Yes, Celtics’ Isaiah Thomas always commits free throw violations that aren’t called
Celtics point guard Isaiah Thomas had one of the greatest performances in NBA playoff history in Tuesday’s 129-119 win over the Wizards, scoring 29 of his 53 points in the fourth quarter and overtime on his late sister’s 23rd birthday. Thomas shot 18 for 33 from the field and 12 for 13 from the free throw line, where a few sharp-eyed rules sticklers noticed he committed a violation that’s rarely called on almost every one of his attempts.
Thomas, who made 91 percent of his free throws during the regular season, has an unorthodox shooting action at the line. Like most shooters, he transfers his weight from his heels to his toes as he releases the ball. Rather than returning his weight to his heels after he follows through, Thomas remains on his toes and often steps into the lane with his left foot before the ball reaches the cylinder. Here’s a screenshot from Thomas’s game-tying free throw with 14 seconds left in regulation on Tuesday:
This is a violation of Rule 9, Section 1-b of the NBA rule book:
Thomas’s illegal free throw shooting form has been the subject of multiple Reddit threads this season, including one titled, “Why are we ignoring how Isaiah Thomas cheats on every free throw?” Tweets about Thomas stepping over the line, which he does on most, but not all, of his attempts, seem to have increased in frequency during the playoffs.
So what’s the point of having a rule that isn’t enforced, especially one that’s more cut and dried than the countless moving screens and carrying violations that go uncalled during a typical NBA game?
“Sometimes rules are put in for intent purposes,” Steve Javie, who spent 25 years as an NBA referee and now serves an officiating analyst for ESPN, told The Post on Wednesday. “In this case, the rule prevents someone from shooting, on an intentional miss, and running and getting the rebound first. It’s one of these rules where as an official you’re thinking, what advantage did the guy really gain from it? He shoots it from behind the line and his foot steps into the lane. Well, to me, he didn’t gain an advantage. But if he shoots the ball and then runs and grabs the rebound, it’s an obvious advantage.”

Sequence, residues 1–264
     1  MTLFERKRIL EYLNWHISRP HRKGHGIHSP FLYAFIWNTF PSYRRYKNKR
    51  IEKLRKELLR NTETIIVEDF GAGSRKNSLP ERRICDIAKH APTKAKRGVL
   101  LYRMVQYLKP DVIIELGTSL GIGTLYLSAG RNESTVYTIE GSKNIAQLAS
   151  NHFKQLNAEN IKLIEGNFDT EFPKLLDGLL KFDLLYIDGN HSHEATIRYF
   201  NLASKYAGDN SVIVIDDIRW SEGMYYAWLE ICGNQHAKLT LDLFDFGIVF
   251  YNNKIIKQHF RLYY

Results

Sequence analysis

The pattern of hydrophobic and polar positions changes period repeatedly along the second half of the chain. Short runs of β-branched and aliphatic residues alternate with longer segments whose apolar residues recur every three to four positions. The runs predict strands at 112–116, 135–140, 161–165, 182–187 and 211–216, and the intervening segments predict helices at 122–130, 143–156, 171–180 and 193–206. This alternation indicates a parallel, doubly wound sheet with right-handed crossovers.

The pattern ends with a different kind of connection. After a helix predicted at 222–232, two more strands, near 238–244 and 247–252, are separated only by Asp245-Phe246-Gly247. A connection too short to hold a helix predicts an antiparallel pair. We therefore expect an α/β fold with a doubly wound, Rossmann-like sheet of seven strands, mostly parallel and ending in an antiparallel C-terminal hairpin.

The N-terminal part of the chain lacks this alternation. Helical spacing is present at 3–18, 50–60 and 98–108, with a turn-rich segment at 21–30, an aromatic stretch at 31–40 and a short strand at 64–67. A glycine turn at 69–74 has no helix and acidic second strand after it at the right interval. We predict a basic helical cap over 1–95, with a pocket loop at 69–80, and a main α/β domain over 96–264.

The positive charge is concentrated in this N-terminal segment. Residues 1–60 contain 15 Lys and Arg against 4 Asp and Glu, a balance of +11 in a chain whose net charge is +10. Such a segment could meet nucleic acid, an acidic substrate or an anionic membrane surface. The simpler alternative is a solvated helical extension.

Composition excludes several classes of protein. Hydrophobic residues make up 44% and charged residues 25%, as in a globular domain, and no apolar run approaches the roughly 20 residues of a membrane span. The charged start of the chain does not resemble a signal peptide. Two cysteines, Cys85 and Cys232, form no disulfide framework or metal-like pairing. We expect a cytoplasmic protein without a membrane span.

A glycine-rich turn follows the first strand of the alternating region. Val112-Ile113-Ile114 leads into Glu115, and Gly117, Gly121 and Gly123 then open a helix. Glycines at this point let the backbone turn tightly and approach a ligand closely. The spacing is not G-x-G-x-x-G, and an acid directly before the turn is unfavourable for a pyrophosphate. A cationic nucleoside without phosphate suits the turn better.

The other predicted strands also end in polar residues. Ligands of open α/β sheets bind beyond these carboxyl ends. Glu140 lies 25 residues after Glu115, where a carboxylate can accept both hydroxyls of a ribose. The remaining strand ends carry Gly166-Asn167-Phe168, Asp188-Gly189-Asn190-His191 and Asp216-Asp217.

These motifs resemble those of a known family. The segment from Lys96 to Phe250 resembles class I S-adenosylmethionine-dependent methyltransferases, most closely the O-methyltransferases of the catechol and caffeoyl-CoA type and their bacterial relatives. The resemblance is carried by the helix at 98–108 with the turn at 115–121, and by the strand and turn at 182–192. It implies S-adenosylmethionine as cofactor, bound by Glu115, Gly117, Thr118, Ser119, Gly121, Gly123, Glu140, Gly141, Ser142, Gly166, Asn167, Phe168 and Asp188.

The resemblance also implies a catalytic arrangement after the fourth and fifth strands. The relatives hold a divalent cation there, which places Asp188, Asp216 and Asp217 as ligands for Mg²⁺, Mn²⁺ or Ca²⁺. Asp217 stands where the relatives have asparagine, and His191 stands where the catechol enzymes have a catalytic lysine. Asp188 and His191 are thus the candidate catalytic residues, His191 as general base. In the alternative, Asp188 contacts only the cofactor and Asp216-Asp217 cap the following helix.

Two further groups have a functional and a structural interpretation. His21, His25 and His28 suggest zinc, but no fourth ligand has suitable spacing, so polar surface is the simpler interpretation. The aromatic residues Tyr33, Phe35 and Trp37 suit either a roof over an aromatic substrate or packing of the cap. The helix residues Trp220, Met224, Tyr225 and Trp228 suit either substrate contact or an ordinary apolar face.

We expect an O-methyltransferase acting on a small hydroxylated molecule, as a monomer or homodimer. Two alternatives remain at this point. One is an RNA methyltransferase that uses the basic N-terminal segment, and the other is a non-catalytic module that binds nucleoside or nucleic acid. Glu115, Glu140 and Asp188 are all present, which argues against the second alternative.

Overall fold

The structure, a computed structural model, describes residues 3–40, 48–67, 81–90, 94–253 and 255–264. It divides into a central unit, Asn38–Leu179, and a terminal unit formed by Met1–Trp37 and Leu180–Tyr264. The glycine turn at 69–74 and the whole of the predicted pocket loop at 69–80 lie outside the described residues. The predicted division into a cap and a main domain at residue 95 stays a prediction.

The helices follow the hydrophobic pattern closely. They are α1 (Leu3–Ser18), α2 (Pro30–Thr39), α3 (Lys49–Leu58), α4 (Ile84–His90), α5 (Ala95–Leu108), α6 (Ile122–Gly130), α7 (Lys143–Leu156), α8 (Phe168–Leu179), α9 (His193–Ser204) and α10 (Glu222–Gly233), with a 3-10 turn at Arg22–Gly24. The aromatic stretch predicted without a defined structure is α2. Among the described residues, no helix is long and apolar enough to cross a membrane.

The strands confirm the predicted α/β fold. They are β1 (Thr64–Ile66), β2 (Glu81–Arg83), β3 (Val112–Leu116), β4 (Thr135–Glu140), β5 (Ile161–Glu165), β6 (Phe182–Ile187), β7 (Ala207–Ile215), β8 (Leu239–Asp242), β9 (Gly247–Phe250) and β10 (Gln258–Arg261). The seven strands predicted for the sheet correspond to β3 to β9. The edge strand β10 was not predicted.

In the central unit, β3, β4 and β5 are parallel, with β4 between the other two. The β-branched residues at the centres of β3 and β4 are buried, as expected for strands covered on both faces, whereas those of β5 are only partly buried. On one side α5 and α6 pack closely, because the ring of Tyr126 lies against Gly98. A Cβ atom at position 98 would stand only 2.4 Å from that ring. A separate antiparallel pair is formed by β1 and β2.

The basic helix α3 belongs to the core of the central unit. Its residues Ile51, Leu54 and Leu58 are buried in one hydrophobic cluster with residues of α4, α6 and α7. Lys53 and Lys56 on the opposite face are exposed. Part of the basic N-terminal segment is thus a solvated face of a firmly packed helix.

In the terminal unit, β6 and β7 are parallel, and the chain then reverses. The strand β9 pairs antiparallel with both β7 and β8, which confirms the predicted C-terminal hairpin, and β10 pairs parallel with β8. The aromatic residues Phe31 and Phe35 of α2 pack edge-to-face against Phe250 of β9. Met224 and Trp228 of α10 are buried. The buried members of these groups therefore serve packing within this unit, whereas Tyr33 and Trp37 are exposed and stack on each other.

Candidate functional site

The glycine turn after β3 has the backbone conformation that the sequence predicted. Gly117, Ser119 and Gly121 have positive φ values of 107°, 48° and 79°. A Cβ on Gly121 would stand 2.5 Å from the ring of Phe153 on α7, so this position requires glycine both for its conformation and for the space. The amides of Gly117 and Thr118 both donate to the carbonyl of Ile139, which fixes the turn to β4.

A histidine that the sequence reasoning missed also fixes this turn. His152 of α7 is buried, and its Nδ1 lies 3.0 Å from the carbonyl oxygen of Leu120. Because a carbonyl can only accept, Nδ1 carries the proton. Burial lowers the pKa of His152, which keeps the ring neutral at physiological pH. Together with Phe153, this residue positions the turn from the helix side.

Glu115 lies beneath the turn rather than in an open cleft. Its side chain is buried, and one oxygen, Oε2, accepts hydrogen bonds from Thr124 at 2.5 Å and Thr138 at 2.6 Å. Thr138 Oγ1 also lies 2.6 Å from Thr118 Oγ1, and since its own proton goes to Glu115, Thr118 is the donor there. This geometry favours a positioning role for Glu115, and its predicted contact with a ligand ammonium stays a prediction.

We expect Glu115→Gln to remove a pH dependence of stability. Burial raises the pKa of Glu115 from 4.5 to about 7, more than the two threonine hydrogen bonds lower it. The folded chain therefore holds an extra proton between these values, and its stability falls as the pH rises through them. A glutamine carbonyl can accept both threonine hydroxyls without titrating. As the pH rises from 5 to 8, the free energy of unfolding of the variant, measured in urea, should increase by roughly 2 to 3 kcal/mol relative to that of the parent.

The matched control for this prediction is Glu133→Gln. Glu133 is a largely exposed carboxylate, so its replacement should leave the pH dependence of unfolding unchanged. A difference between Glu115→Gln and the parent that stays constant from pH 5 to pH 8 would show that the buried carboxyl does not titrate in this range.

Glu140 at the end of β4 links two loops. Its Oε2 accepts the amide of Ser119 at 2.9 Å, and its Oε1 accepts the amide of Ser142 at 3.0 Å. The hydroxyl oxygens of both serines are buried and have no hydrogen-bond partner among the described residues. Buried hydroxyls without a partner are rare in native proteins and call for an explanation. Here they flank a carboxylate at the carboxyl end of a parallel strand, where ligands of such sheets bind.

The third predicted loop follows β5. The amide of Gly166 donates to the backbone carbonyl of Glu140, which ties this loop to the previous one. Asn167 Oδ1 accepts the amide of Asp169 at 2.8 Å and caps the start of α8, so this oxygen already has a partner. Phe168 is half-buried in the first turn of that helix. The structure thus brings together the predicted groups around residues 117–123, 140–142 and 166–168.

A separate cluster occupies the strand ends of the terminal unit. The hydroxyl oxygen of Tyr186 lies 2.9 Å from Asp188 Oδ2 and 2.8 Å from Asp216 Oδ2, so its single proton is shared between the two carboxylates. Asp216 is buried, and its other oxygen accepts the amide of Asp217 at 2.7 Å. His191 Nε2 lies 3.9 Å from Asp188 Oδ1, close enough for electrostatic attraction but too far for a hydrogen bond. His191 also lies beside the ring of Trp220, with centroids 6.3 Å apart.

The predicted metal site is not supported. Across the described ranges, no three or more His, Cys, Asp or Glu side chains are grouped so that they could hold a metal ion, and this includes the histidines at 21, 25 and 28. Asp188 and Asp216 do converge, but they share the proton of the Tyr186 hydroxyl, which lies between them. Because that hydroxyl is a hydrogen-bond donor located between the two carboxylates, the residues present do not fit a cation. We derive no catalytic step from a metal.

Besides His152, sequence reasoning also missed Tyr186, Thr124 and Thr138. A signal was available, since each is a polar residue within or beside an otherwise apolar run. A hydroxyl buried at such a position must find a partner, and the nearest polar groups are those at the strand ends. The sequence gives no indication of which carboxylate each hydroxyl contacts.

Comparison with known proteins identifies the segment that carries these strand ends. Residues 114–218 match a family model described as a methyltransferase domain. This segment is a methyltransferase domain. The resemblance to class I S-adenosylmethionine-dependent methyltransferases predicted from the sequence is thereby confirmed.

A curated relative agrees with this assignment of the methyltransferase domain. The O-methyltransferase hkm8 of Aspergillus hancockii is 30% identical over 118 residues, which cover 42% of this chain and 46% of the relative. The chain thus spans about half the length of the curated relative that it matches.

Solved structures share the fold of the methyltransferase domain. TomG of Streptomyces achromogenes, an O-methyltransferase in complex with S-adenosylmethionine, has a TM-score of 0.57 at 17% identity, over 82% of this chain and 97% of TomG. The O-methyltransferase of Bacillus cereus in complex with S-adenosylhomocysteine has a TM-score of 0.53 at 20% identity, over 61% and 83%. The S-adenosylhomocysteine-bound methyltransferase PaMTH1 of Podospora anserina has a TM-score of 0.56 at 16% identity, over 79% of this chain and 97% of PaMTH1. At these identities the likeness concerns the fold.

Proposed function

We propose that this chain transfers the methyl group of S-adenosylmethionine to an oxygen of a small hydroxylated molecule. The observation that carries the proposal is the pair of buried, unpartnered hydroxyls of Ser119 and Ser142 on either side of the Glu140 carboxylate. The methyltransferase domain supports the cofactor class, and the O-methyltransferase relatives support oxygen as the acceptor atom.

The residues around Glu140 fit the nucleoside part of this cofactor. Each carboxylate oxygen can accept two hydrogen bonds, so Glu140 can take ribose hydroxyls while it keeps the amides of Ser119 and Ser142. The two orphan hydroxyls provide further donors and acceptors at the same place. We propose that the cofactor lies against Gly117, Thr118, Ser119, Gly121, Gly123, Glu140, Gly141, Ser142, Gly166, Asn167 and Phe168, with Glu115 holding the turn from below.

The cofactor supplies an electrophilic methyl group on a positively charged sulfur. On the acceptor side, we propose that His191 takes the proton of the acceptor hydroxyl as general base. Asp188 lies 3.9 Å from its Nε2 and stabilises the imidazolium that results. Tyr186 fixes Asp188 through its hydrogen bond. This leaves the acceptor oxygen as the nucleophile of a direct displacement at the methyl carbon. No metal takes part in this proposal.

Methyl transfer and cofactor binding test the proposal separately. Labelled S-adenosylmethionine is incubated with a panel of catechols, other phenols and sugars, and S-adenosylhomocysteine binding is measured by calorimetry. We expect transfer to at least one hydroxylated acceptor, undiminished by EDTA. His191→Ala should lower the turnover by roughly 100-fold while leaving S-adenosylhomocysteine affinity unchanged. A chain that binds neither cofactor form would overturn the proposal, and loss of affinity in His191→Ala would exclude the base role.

Another reason the rule exists is to prevent players from dunking free throws. College basketball introduced a rule in 1956 that prohibited players from having a foot across the free throw line until the ball hit the cylinder or the backboard in response to 7-foot-1 Wilt Chamberlain, who would get a running start, jump behind the free throw line and then slam the ball through the hoop. The 5-foot-9 Thomas isn’t a threat to pull that off.
NBA referees seldom call lane violations on free throw shooters, except in cases where the shooter gains a clear advantage, but it wouldn’t be unprecedented if they decided to crack down on Thomas’s habitual line-stepping.